Leader Pricing

How many times have you been lured to a place you thought you would only spend a couple of dollars or maybe not, and you leave spending a lot-lot more than you thought? Well, this happens to the best of us, and this old trick is called leader pricing.

Let's talk a little about the psychology of why the bottomless mimosas deal is great for your restaurant. Our human brain makes decisions by outweighing the pros and cons of each situation, and this thought process involves a deep consideration of our economic sacrifice. So, when customers go for bottomless mimosas, their brain says, "We are winning. We beat the system" because they are not spending what they would usually spend for tenths of mimosas, but the next thought process is the one that makes them spend most of their money "Because I saved this much money, now I can spend it." So they decide that lobster and oyster go well with mimosas and end up spending a lot more than they expected.

Leader Pricing is a strategy to lure customers in by setting lower price points and reducing typical profit margins to stimulate interest in the business as a whole or a particular product line. It's called a loss leader when you sell products at a loss.

The important detail with leader pricing is using a product that attracts the customers in the first place. A great example is happy hours which attract many customers looking for a cheap drink but spending more. People won't fall for the pricing tactic if the product is not exciting enough. It is very important to market the initiative as much as possible as well, you can have the best bait, but if people are not aware of it, it will turn out to be a complete failure.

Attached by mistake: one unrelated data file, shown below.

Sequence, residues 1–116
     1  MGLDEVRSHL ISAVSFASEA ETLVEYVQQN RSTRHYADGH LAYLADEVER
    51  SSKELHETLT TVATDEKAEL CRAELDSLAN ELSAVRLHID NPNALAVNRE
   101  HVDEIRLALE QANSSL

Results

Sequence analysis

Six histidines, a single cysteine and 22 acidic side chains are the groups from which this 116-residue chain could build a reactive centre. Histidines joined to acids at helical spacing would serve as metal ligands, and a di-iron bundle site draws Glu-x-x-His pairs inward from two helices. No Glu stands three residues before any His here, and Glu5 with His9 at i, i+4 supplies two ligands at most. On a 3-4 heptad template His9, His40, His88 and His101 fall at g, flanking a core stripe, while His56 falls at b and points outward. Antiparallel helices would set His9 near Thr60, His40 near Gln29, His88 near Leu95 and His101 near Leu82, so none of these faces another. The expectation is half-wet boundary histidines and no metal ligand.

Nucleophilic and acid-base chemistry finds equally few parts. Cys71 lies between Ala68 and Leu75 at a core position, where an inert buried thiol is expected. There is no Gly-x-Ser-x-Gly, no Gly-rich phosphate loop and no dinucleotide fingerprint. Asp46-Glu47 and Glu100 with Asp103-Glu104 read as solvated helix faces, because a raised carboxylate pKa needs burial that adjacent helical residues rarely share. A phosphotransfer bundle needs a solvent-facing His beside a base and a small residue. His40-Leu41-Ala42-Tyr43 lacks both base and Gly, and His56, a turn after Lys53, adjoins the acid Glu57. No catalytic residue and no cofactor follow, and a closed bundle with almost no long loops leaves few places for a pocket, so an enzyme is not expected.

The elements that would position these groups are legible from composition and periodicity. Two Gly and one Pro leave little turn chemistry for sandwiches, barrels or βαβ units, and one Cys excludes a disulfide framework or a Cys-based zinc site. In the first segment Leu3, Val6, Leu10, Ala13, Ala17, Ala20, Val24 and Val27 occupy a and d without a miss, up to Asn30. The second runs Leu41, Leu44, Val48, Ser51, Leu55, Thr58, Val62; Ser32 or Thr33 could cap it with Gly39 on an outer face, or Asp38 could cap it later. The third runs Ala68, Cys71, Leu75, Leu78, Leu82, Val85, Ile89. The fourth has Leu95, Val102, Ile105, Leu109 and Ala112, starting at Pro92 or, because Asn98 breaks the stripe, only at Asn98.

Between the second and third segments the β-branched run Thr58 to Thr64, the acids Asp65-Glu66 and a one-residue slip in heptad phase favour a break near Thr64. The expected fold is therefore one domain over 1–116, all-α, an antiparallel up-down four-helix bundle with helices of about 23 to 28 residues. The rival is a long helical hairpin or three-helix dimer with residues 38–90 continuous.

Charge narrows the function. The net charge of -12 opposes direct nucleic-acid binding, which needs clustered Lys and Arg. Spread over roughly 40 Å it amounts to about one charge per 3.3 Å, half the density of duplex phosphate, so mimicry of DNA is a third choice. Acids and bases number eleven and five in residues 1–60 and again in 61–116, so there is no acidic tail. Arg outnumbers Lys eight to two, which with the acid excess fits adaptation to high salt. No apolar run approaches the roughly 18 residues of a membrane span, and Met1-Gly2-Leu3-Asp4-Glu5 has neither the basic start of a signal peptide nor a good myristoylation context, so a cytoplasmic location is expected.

Price Lining

I first read about this tactic in a book about consumer psychology called Buyology. At first, I thought it didn't make much sense until we started applying it with some clients. The story behind how price lining works go something like this:

You go into a restaurant you've never been to before for a date. The hostess sits you down, and you decide to take a look at the wine carte. The most expensive wine looks unaffordable. You look for the cheapest option, but this might not impress your date. You decide the middle option. What happened? Price lining.

Price lining is a process used by retailers to separate goods into cost categories to create various quality levels in the minds of consumers. 

Price lining is a psychological tactic that plays with our basic decision-making. If your business wants to sell its current most expensive service, you should try putting a more expensive one on the carte. If your most expensive service is a hard seller, try putting a ridiculously more priced service available. We decided not to go for the most expensive decision, so let's settle for the second one.

Many businesses have played it beautifully by setting a price line so high that all the other products or services seem affordable, but also by creating a product or service so attractive it drives itself customers. In restaurants, dishes with truffles or gold are very popular nowadays, and although unaffordable for many, they make the whole menu prices seem very amenable.